Residents turn to experts for perspective on toxic water issues

Over 100 people gathered at Northview High School to learn more about the possible water contamination.

PLAINFIELD TOWNSHIP, Mich. (WOOD) – More than 100 people, concerned about the safety of their drinking water, spent their Friday night getting more information from experts.

A geologist, environmental engineer and water quality expert spoke to the crowd at Northview High School just a few hours after 24 Hour News 8 broke news of a neighborhood with water testing positive for PFAS.

Garret TenHave-Chapman, an attorney who lives in Belmont, planned the expert panel.

“I live on Herrington. My property shares a boundary with the Belmont dump, so our water’s tainted,” he said.

TenHave-Chapman said he’s dissatisfied with how Wolverine Worldwide has handled getting information and resources to residents.

“The impression I got with the Wolverine spokespeople at the earlier town hall was that they weren’t lying, but they were only telling us the truth that they wanted us to know,” TenHave-Chapman said.

It was clear from the attendance that TenHave-Chapman isn’t alone in his search for answers.

Other residents from the surrounding areas said that they were excited to learn about the panel.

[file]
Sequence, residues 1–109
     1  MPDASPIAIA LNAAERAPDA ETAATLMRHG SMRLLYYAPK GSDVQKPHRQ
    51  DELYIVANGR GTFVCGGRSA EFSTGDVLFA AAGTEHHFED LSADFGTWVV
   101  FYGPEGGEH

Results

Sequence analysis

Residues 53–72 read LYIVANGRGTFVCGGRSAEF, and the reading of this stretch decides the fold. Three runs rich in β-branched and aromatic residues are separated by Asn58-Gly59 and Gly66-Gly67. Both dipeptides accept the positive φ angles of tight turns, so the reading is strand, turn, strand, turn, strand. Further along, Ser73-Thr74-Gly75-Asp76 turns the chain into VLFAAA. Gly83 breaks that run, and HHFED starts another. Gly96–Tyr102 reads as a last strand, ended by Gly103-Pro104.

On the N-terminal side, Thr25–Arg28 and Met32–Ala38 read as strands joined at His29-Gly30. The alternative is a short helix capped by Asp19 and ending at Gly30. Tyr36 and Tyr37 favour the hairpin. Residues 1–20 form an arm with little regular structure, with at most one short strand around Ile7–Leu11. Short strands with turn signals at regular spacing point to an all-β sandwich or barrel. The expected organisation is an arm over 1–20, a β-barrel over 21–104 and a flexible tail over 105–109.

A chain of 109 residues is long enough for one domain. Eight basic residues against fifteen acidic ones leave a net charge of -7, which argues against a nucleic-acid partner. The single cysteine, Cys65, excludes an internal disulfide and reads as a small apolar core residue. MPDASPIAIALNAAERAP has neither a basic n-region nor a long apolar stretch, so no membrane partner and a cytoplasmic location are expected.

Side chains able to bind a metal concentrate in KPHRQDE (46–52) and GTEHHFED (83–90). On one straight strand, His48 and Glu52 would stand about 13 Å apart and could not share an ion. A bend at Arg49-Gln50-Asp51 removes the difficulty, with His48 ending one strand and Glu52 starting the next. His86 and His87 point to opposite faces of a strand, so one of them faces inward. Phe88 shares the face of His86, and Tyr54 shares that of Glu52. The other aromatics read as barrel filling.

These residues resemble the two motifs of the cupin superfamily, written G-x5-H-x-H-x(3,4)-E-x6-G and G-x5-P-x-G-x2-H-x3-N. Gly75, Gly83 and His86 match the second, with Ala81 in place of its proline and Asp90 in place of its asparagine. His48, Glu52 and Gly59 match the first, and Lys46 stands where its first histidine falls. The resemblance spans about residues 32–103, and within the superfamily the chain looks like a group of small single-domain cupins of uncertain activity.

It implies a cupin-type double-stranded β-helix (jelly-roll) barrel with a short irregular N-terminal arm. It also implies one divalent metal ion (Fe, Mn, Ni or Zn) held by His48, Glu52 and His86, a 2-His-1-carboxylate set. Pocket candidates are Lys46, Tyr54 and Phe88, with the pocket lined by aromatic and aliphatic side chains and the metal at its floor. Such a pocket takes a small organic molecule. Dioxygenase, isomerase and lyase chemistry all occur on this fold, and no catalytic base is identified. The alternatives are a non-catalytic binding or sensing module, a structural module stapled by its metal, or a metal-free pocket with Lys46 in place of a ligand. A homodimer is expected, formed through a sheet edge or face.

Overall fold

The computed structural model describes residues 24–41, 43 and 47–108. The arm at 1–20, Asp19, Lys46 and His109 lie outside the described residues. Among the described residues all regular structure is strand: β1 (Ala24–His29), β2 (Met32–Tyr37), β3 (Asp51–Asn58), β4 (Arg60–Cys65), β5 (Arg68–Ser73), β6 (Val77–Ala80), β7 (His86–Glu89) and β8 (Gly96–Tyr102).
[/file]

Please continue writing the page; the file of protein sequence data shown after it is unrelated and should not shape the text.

“I just want information and there’s so many rumors flying around, and numbers and things and it’s just so hard to find answers,” said Carla Hardy, a Rockford resident.

Hardy said that another Wolverine Worldwide dump site was recently found about a half a mile from her house.

“It’s scary and there’s no maps telling me where this stuff is going,” she explained. “We have a well and I’ve just been wondering what we’ve been drinking for the last 16 years.”

Shellie Phillips learned about the meeting from Hardy and worried about the safety of her three kids. She said multiple dumps sites are around her Rockford home.

“We absolutely love the schools, the people, (and) the environment,” Phillips told 24 Hour News 8. “To hear something like this, it just kind of shatters all the dreams you had about this great community that you live in.”

Experts said it’ll take months before it’s clear how severe the issue is.

TenHave-Chapman said he hasn’t filed any lawsuits, but there could be lawsuits filed in the future.